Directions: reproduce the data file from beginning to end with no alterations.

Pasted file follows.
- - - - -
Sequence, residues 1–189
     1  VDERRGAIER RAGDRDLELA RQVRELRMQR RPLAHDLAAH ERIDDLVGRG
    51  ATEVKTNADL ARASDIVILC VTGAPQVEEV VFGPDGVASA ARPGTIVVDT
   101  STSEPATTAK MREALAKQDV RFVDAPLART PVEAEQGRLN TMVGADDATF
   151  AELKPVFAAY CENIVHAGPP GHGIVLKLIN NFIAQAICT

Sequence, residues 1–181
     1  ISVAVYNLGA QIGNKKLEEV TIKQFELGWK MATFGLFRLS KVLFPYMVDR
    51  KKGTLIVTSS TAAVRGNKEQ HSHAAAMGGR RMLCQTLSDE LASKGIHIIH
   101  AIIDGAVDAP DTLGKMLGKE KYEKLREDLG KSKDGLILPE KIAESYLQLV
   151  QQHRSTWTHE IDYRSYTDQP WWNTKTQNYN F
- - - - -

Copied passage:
Sequence, residues 1–189
     1  VDERRGAIER RAGDRDLELA RQVRELRMQR RPLAHDLAAH ERIDDLVGRG
    51  ATEVKTNADL ARASDIVILC VTGAPQVEEV VFGPDGVASA ARPGTIVVDT
   101  STSEPATTAK MREALAKQDV RFVDAPLART PVEAEQGRLN TMVGADDATF
   151  AELKPVFAAY CENIVHAGPP GHGIVLKLIN NFIAQAICT

Sequence, residues 1–181
     1  ISVAVYNLGA QIGNKKLEEV TIKQFELGWK MATFGLFRLS KVLFPYMVDR
    51  KKGTLIVTSS TAAVRGNKEQ HSHAAAMGGR RMLCQTLSDE LASKGIHIIH
   101  AIIDGAVDAP DTLGKMLGKE KYEKLREDLG KSKDGLILPE KIAESYLQLV
   151  QQHRSTWTHE IDYRSYTDQP WWNTKTQNYN F